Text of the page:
Central Oregon Veterinarian Dr. Katie Bahr, the Oregon State representative for the Humane Society Veterinary Medical Association, weighed in on the event—and what it means for the future of the Oregon Department of Fish and Wildlife.
- A bobcat kitten, similar to this one, was recently bludgeoned to death in Eugene.
“The goal was to get the investigation started, but also to raise awareness,” she said. “This did happen, but we need to look into why it happened, and how we can implement better methods and reform policies for the future.”
ODFW veterinarians are required to examine wildlife before they consider euthanasia. Not only was a veterinarian not consulted in this case, but the way in which the bobcat was “euthanized”—by blunt force trauma to the head—was deemed both inhumane and unnecessary, Bahr believes. “It can’t really be called a euthanization,” argued Bahr. “ODFW is sticking to the claim that it was an acceptable form of euthanization. They claimed that it was acting abnormally, but it didn’t seem to pose a threat. Moving forwards, we need to work on the policies that are currently in place; we need to redefine what ‘acceptable’ is.”
In a response to public outcry, Oregon State Police issued a statement in October, claiming, "Through our partnership with the Oregon Department of Fish & Wildlife and based on the abnormal behavior of the bobcat, a joint decision was made to euthanize the animal. The chosen manner in which this animal was euthanized (blunt force trauma) was to ensure the safety of the Officers involved. A single strike rendered the animal deceased instantly."
Under statewide scrutiny, ODFW and OSP claim that the 2013 guidelines listed by the American Veterinary Medical Association suggest blunt force trauma to the head is a humane method of euthanization. An excerpt taken directly from the "AVMA Guidelines for the Euthanasia of Animals: 2013 Edition" reads, “Manually applied blunt force trauma to the head has been used primarily to euthanize small laboratory animals with thin craniums. It has also been applied for euthanasia of young piglets. The anatomic features of neonatal calves make manually applied blunt force trauma to the head unacceptable as a method of euthanasia for this species.”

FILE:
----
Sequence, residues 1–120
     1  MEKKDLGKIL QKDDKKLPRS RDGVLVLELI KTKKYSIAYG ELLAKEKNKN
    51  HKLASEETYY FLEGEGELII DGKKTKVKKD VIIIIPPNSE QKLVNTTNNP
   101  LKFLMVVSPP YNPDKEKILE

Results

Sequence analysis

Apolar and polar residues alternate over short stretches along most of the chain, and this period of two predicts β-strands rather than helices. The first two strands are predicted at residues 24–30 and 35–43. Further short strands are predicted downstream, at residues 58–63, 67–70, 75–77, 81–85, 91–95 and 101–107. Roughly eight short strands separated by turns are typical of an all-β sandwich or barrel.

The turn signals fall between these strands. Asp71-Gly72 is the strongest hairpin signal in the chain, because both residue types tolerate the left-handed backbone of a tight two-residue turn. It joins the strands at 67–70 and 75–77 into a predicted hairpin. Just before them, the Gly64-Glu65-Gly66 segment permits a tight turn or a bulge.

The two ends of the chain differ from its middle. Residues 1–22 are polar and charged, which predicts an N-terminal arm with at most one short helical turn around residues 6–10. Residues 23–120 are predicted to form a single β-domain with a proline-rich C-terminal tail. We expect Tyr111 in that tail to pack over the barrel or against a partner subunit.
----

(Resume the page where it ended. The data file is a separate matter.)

A hearing took place on Wed. Nov. 20, and Bahr, as well as the other involved veterinarians and wildlife advocates, are hopeful regarding the outcome. “We hope that the hearing will determine that current procedures are simply not good enough for Oregonian wildlife,” she said. The Director of Predator Defense, Brooks Fahy, made a testimony at the hearing—insisting that this was not an isolated incident, but an ongoing problem that needed to be addressed.
“Unfortunately, my long experience dealing with ODFW has shown me that this is not an isolated incident. Most cases go unnoticed because ODFW says they 'euthanized' the animal 'humanely.' But bashing an animal on the head is NOT humane. And killing an animal that wasn’t badly injured, sick or diseased does NOT qualify as euthanasia.The killing of the bobcat kitten demonstrates how disconnected ODFW is from the sentiments of the general public. It is a symptom of a much bigger problem within this agency that sees animals almost strictly as things you control and kill. Sadly, the kitten killing is no surprise to those of us who have been working to reform ODFW for decades. If this tragic case hadn’t been caught on video, no one would have ever known about it. Thankfully, it was. My organization has never received as many phone calls and emails of outrage from the public in a one-month period than we have on this incident. It struck a chord statewide.”
Rep. Brad Witt from Oregon House District 31 is forming a review group including wildlife advocates and law enforcement agents to review the ODFW policies and procedures in December.